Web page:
7 Core Features for Your Personal Document Management Software
For any personal DMS system, here are seven core features you should look for.
1. Single Interface Management
Your personal documents may contain many different file types such as PDFs, spreadsheets, image scans, and proprietary file extensions associated with various word processors. Managing this irregular assortment can become a time-consuming hassle. Evaluating your personal DMS options, you should first look for a platform that offers a single comprehensive interface for searching, viewing, and organizing all your file types without toggling between applications.
2. Predefined Naming Rules
Coherent naming rules contribute significantly to establishing order in your documents. Many DMS systems contain configurable rule sets for naming and renaming files dynamically. Dynamic naming uses relevant extracted data such as customer or account names, dates, and invoice formatting to suggest logically indexed names the user can select with a simple mouse click. Better systems also include capabilities for dynamic naming with barcodes and optical character recognition (OCR) scans.
3. Cloud Access Capacity
Depending on the nature of your work and the volume of documents you need to store, you may use local storage, cloud storage, or a hybrid of both. Most professionals expect to need access to SharePoint, DropBox, Google Drive, and other cloud services in today’s work environment. Your personal DMS should allow you to work seamlessly with these cloud services and industry-standard operating systems.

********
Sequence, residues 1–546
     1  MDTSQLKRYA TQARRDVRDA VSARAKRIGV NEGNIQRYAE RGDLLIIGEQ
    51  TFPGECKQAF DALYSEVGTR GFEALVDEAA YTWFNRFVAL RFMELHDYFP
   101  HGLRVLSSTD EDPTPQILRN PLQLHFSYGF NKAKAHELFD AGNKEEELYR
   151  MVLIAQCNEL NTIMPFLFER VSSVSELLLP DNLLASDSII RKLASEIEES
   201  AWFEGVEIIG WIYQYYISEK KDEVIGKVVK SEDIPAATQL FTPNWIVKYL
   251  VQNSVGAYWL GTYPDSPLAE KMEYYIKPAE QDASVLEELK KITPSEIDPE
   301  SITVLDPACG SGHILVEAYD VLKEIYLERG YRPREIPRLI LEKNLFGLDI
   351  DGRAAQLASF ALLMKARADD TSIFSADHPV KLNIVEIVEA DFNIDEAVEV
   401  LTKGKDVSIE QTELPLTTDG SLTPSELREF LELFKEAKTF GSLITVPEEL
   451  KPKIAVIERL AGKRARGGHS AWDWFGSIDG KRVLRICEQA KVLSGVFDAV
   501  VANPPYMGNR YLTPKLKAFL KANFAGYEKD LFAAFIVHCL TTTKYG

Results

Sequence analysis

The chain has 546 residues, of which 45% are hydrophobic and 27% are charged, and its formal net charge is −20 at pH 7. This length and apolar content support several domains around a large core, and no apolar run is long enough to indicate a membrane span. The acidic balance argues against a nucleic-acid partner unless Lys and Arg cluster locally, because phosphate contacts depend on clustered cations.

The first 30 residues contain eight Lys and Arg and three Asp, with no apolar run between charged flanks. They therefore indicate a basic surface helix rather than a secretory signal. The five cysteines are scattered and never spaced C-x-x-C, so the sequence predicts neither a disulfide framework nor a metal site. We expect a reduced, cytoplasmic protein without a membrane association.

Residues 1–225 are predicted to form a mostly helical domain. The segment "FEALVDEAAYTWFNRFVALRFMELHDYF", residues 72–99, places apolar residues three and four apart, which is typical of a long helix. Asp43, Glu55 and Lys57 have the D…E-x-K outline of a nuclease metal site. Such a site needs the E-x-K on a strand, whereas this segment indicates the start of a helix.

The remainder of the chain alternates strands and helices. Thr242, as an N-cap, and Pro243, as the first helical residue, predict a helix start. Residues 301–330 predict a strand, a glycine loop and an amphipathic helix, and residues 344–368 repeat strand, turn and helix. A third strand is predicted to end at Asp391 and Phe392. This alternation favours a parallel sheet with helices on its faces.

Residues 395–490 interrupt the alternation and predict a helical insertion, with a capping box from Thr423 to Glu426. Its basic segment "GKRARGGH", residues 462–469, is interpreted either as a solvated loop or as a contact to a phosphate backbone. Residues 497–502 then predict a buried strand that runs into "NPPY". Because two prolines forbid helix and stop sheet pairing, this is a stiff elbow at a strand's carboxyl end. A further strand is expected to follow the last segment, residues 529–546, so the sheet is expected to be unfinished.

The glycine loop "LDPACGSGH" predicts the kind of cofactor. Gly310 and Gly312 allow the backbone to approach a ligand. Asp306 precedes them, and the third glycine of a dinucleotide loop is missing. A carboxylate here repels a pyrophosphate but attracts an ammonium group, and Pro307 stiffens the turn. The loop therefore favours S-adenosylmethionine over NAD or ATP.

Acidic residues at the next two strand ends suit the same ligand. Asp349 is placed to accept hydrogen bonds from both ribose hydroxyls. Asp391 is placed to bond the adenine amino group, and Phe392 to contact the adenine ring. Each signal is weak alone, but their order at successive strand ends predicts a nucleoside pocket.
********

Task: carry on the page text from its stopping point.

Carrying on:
4. Internal Search
Any DMS product you choose should allow you to search your files by more than just names and dates created or modified. You should have the option to use custom unique and generalized identifiers to find both individual documents and groups of documents connected by metadata. Examples of unique identifiers include titles, dates, and reference numbers. Metadata can group documents in sets by custom parameters. Some DMS systems also handle more complex search functions such as Boolean queries and cluster analysis.
Metadata refers to data that provides some kind of information about other data but not necessarily any unique part of it. In DMS applications, metadata enhances the searchability of a repository. Document metadata parameters used in DMS may include:
- Associated Clients or Accounts
- Storage Location
- Purpose of Creation
While metadata is set in the program where you create the document (like Microsoft Word for Word documents), it can greatly enhance your searches in your DMS.
Personal Document Management with FileCenter
FileCenter’s Document Management Software accommodates organizational needs at all scales, from the enterprise level to the personal home office. FileCenter offers a single purchase out-of-the-box solution that can be up and running in just a few hours and integrates seamlessly with the applications you already use.
To download a free trial, visit FileCenter today.